Hanze student Willem has been studying at the Polytechnic University in Hong Kong for a few months. He is friends with students who are protesting in the name of democracy. The campus was raided by police 90 minutes after the last time he left. ‘I was lucky’, he wrote in an email. ‘Otherwise, I would be in jail right now.’
‘After I arrived in Hong Kong a few months ago, I quickly got to know students at Polytechnic University. The protests had been going on for months, and it was clear that all of the students agreed with the protesters. I’ve never met anyone at school who did not support it.’
The strategy was peaceful protesting, such as folding paper cranes together.
‘I joined a Board Game Club to meet people. As soon as the campus was occupied, messages regularly appeared in the club’s group chat with information on secret entrances and exits, and news about the occupation. The idea was to protest peacefully. We did things like folding paper cranes together.
Someone who has become a good friend of mine — I’ll call him Tim (not his real name) — has been participating in the protests on a regular basis. He’s not what they call a front liner, but he is very active, just like many of his friends. I asked him once if any of his friends had been arrested. He had to laugh. There had been dozens; most have been released on bail in the meantime.’
Clothes were placed next to the secret exits, so you could quickly change and make your getaway undetected
‘A good friend of Tim’s was trapped at PolyU for days before he managed to escape. I was sitting next to Tim when he got a message about it. The friend had jumped from one of the towers and miraculously was able to cross a road without being seen. Then he darted into a train tunnel, which he was pretty sure isn’t used by any trains at night. After running for ages, he arrived at the next station. From there, he managed to get away unseen. He was very lucky, because most of his other friends weren’t able to get away. It sounded almost like a scene from a James Bond film to me.’
‘During the first few days, you could enter PolyU through secret entrances and exits if you showed the guards (all students) your student ID card. They also let in medical staff and later journalists, too. Clothes were placed next to the secret exits so you could quickly change and make your getaway undetected.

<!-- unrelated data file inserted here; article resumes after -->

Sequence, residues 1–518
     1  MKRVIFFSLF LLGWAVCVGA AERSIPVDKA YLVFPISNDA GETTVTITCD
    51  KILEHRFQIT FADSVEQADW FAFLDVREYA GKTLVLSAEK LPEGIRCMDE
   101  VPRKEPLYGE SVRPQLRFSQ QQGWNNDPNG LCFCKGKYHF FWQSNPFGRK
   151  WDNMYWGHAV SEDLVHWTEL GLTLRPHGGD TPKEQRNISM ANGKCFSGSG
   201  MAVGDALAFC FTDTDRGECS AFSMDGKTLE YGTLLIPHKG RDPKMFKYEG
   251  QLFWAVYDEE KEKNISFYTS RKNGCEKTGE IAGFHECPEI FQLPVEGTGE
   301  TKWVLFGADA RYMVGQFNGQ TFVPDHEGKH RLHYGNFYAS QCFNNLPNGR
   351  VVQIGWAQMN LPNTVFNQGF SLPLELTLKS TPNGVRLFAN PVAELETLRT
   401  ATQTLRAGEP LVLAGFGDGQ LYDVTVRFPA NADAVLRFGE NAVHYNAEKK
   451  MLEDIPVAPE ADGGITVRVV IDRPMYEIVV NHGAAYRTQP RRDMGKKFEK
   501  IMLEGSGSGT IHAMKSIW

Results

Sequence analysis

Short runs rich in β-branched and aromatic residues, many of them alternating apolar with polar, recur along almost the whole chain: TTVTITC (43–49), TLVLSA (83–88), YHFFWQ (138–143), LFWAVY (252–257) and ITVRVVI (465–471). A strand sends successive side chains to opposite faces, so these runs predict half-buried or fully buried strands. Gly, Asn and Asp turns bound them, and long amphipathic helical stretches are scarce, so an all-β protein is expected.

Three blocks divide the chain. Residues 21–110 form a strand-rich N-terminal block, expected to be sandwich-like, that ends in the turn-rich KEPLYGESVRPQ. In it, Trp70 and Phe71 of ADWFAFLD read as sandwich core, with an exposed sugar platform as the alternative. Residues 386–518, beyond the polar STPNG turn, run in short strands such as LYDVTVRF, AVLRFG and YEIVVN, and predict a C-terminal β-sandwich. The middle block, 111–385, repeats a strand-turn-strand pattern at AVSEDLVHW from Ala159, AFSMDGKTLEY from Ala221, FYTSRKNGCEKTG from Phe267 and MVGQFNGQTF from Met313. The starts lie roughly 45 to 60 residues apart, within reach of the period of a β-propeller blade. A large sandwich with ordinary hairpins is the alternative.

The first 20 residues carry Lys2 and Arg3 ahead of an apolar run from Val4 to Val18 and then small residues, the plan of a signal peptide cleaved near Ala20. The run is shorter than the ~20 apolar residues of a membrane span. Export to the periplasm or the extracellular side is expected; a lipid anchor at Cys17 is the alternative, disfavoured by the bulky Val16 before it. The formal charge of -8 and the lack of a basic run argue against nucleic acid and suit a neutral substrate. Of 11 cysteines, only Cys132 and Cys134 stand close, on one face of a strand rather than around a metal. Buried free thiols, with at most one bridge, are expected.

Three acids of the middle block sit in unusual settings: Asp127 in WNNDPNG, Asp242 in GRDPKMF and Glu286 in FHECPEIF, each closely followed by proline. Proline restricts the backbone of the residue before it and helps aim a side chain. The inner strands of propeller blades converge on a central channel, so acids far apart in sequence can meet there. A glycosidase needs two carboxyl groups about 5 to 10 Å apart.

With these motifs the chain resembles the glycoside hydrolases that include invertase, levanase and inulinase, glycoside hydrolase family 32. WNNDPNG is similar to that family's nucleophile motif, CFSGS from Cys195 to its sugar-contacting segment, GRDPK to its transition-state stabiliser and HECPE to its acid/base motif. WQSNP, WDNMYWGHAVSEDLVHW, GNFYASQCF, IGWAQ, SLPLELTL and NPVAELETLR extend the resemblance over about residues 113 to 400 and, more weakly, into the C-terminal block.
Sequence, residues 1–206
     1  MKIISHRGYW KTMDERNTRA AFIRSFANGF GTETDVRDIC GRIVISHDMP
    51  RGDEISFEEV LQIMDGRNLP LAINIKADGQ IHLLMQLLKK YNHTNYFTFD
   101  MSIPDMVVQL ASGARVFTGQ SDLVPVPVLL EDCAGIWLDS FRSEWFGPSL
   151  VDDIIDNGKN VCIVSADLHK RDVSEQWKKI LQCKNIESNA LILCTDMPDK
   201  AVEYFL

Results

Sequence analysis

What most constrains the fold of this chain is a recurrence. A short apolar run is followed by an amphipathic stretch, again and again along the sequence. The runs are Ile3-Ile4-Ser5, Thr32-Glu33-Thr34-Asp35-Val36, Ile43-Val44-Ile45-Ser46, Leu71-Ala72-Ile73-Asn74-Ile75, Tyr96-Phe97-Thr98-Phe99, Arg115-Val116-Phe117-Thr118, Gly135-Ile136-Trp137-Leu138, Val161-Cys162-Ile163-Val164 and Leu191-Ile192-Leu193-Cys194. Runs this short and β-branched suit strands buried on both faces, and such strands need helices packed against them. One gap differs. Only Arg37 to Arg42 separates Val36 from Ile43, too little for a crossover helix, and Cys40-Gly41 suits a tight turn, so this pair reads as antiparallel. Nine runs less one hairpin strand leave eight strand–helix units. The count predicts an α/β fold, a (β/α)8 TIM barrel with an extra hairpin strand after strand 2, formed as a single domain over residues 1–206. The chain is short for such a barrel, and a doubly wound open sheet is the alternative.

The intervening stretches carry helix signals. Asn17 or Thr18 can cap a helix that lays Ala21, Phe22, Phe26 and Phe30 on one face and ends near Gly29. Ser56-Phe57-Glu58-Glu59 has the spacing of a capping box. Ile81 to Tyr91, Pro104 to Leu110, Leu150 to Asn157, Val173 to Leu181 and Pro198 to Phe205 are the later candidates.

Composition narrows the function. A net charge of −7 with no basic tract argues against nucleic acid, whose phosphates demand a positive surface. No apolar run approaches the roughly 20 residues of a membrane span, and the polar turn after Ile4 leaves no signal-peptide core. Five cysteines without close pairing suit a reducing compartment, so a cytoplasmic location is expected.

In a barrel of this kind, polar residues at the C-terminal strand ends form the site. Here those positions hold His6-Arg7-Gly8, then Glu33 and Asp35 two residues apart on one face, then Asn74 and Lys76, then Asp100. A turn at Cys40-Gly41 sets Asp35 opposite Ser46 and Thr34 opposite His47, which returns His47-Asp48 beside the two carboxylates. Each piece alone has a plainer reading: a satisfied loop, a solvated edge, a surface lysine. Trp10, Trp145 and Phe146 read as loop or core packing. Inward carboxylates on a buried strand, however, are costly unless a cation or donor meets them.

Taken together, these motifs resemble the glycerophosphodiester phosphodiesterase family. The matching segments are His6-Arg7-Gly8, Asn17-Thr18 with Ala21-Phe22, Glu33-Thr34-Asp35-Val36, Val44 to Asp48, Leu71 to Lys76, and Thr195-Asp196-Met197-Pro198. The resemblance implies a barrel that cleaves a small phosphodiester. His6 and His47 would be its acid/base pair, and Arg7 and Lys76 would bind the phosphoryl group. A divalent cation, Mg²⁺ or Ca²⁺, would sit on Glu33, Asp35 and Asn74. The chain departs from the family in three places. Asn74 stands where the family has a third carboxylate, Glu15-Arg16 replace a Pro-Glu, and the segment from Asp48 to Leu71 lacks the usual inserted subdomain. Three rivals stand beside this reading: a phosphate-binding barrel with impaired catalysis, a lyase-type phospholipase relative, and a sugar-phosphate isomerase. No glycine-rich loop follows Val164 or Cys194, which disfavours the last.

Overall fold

‘After I was frisked — they didn’t want any armed undercover agents inside — I was allowed in. Students prepared meals in the American Diner restaurant with the help of a former chef. All of the rooms were cleared; every chair and every table was needed for the blockades at the entrances.’
Students used the empty swimming pool to practise throwing Molotov cocktails.
‘After I passed a room that was being used as a place for journalists to sleep, I entered what used to be the canteen. It almost felt like I was in a film when I saw how the canteen had been turned into the centre of operations. Large tables covered with supplies. All kinds of food; volunteers who were mapping out all of the secrets on campus; students monitoring live streams of what was happening in the city around the clock; girls making calls to arrange for deliveries of supplies. It was impressive to see: students had set up a kind of safe war room here.’
‘The empty swimming pool was used to practise throwing Molotov cocktails. A little further away, a student was testing a primitive helmet catapult. Beyond that, people were teaching self-defence. I’ve never seen such an impressive organisation without a leader.
‘Sadly, it wasn’t enough. It is now 11 days later, and there are still 10 students on campus. They’re most likely traumatised for life. Apparently, a couple of students have lost the will to eat. Their actions have garnered a lot of sympathy from the general population. Few people understand the aggression on the part of the police against a school full of students.’
Photo: Pasu Au Yeung (umbrella protests in Hong Kong, April 2019)
Willem is not the real name of the Hanze student who is/was in Hong Kong.